CNS Canada — This week’s acreage estimates from Statistics Canada could bring an end to canola’s recent chart surge upward — or could give futures the impetus to move even higher.
The dominant July contract closed Wednesday at $535 per tonne, a gain of $8 from the previous Wednesday’s close.
Prairie farmers on Friday will get their first projections on how much canola will be planted in Canada. At this stage, most pundits expect this year’s crop to approach or exceed 24 million acres — significantly larger than last year’s total of 23 million.
Even without that report, one analyst in Winnipeg says canola faces factors that could take it much lower.
“Once seeding is done and if China and the U.S. step back on tariffs, canola might have a bigger downside,” said Keith Ferley of RBC Dominion Securities.
The potential for a strike at Canadian Pacific Railway also looms over the market — and road bans have sprung up in rural areas, making cash selling difficult for farmers.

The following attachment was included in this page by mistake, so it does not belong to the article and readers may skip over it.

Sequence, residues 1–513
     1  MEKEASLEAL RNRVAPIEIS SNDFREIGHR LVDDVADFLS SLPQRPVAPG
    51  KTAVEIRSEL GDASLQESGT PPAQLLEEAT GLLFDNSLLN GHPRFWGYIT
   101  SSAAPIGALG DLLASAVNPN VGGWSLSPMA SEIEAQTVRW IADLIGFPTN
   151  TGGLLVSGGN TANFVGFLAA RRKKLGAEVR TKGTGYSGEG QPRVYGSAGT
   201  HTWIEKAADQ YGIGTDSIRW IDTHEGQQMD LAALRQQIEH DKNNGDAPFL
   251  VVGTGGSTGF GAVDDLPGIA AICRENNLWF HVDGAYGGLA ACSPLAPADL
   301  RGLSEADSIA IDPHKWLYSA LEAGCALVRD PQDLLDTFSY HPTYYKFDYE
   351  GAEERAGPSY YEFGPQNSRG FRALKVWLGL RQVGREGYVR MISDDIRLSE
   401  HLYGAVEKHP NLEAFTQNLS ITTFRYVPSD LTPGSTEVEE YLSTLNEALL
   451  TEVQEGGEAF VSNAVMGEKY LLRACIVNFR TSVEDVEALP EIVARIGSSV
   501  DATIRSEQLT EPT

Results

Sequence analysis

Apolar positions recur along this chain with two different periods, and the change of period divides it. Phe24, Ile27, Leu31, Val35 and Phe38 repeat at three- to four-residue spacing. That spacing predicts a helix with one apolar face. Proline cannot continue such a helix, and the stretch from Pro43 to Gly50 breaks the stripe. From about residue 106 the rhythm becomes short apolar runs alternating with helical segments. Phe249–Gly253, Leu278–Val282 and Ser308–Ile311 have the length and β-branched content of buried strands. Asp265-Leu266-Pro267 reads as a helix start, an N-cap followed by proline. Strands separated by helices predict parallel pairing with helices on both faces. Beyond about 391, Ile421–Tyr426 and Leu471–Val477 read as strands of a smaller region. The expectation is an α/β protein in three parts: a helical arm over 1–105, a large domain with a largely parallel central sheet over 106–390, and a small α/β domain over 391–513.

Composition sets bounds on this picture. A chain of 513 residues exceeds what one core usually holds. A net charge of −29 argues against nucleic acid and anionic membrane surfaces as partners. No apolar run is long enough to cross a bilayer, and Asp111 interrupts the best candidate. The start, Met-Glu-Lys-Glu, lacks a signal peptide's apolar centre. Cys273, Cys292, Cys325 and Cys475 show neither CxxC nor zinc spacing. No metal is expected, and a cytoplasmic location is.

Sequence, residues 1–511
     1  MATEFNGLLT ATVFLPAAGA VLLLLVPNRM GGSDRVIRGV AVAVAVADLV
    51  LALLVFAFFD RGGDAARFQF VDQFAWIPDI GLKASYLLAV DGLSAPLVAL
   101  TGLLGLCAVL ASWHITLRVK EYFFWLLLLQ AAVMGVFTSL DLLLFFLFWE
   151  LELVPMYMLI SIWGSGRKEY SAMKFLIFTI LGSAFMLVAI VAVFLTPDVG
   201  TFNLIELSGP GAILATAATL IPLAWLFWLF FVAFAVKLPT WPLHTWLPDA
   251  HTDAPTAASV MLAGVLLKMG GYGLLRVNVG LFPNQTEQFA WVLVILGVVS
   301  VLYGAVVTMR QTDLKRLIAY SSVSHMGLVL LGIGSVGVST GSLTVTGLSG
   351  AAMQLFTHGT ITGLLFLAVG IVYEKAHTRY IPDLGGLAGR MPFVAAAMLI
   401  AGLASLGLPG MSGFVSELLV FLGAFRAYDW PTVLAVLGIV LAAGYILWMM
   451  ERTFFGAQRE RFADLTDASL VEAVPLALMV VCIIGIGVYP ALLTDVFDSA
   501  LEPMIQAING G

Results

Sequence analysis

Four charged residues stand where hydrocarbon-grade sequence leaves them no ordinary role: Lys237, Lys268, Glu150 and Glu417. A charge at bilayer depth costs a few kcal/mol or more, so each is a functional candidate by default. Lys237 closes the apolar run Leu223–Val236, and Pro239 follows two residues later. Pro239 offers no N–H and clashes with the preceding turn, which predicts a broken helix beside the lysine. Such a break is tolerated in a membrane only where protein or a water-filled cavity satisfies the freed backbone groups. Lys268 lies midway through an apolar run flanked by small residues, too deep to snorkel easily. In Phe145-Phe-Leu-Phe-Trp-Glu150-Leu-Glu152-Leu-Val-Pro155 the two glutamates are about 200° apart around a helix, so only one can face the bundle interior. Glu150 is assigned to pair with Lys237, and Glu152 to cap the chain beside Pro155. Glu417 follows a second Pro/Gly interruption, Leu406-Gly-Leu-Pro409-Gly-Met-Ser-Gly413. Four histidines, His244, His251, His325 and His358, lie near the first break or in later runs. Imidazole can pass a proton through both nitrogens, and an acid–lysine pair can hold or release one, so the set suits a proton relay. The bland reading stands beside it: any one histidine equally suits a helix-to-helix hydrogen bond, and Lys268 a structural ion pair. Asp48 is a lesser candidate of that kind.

“They’re also busy seeding so if you need (canola) you will have to pay up to get it out of their hands,” he said.
The Canadian dollar’s recent softening has also put some legs under the canola market. Ferley pegged immediate overhead resistance in the July contract at $545 per tonne and floor support at $530.
“The May-July spread is still a big feature and trading at a pretty good inverse,” he said.
Both soybeans and soymeal have shown some support recently, which has also helped canola weather the influence of slumping vegetable oil markets.
— Dave Sims writes for Commodity News Service Canada, a Glacier FarmMedia company specializing in grain and commodity market reporting.